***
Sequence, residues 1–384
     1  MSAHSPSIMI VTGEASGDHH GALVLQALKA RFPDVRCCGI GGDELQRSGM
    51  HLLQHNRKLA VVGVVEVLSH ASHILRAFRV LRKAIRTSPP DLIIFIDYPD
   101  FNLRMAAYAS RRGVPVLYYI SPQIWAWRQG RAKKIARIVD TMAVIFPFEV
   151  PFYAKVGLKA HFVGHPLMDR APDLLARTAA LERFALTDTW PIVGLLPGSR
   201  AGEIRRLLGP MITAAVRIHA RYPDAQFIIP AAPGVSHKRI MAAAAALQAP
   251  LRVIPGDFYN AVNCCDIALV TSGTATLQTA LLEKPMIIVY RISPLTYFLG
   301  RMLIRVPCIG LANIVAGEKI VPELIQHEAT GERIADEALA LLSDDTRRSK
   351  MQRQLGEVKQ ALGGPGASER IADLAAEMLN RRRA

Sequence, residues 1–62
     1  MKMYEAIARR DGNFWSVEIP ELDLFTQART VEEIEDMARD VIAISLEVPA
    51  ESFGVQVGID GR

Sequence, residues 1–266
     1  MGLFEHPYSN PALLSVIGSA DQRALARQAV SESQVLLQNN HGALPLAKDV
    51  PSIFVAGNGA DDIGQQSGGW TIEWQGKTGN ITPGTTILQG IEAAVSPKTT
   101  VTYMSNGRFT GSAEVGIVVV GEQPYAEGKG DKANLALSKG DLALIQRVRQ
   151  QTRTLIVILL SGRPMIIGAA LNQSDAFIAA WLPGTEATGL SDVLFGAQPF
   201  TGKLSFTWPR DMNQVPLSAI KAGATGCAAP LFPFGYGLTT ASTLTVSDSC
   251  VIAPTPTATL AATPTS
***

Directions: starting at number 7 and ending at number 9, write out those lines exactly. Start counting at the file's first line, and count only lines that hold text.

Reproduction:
   251  LRVIPGDFYN AVNCCDIALV TSGTATLQTA LLEKPMIIVY RISPLTYFLG
   301  RMLIRVPCIG LANIVAGEKI VPELIQHEAT GERIADEALA LLSDDTRRSK
   351  MQRQLGEVKQ ALGGPGASER IADLAAEMLN RRRA